Up to £260 Million in Tax Owed to HMRC by Fuel Fraudsters
An estimated £190 million in duty and VAT is owed to HMRC by fuel fraudsters in the last year – although this tax gap figure could be as high as £260 million . With as many as 5,821 instances of fuel fraud uncovered so far since 2016, the crime makes up as much as 2% of the UK diesel market, according to HMRC figures obtained by fuel supplier Crown Oil through a Freedom of Information request.
In Northern Ireland, the problem of petroleum piracy is particularly dominant with illicit diesel, which makes up around 6% of the diesel market, and costs HMRC an estimated £40 million in lost duty and VAT.
What’s more, with a system based on random checks and punishments of just £250, diesel renegades are emboldened to take their chances and use cheap, rebated fuel in their vehicles, cheating thousands of pounds in tax from the government if they go uncaught.
What is a tax gap?
A tax gap refers to the estimated difference between the taxes that have been paid to HM Customs and Revenue (HMRC) and actually paid . This discrepancy could be the result of tax avoidance, tax evasion and tax fraud, or simply negligence.
What is fuel fraud?
Road fuel fraud refers to when a fuel is used without paying the appropriate tax. It predominantly occurs in the diesel sector and involves rebated off-road fuels, which are those that are subject to lower taxes as they are intended for industrial use. The most common type of fuel fraud in the UK is red diesel being used in road-going vehicles instead of regular diesel (now known as B7).
Gas oil, also known as red diesel, is legal for use in industrial heaters, generators and agricultural vehicles and is subject to 11% duty compared to a 58% duty levied on regular diesel and unleaded petrol . To identify between the two fuels, red diesel has a red dye added which allows the authorities to detect if the fuel is being used illegally in road-going vehicles.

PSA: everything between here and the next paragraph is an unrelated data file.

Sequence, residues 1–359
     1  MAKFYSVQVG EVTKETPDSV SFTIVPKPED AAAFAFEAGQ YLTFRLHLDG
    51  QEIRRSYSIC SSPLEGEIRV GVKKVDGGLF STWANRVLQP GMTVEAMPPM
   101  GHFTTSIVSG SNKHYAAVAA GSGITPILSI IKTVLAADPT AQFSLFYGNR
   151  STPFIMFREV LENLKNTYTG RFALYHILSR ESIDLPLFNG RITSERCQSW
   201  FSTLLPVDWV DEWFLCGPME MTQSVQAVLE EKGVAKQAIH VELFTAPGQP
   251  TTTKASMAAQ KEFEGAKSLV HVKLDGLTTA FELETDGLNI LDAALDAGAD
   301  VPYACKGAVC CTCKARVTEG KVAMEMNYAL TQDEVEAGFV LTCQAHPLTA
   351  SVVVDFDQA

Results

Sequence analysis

With large savings made using red diesel illegally and such a profitable trade, an alarming number of operations have developed methods to avoid detection. These include scammers purchasing cheap rebated red diesel and removing the dye to sell it on to blissfully unaware drivers as regular diesel.
Why does fuel have duty added to it?
Fuel duty is added to all fuels in order to help the government raise the funds it needs to run the country – it is the money used for our schools, police, hospitals and much more besides.
Mark Andrews, director, Crown Oil, explained the significance of fuel duties: “Fuel fraud of all kinds denies the Government the vital revenue required for the ever-important tasks we take for granted, ultimately costing the whole country money. If you think this is a victimless crime, think again.”
“More than this, fuel fraud operations such as red diesel dye removal operations are hazardous to the environment as they don’t adhere to the stringent regulations that suppliers and fuel users work so hard to keep to. By recklessly introducing illicit fuel into the market, these scammers are putting customers at risk of using potentially dangerous fuels in their engines and at the same time run a fire or explosion hazard in their pirate operation,” Mark added.
“The duty we pay in our road fuels might seem pricey, but like all other taxes, it is applied in order to fund vital services such as: pensions, the NHS, welfare, education, policing and defence, all of which are pillars of Britain’s society. Not paying fuel tax would simply result in other taxes being increased in order to raise the necessary revenues to run the country,” he concluded.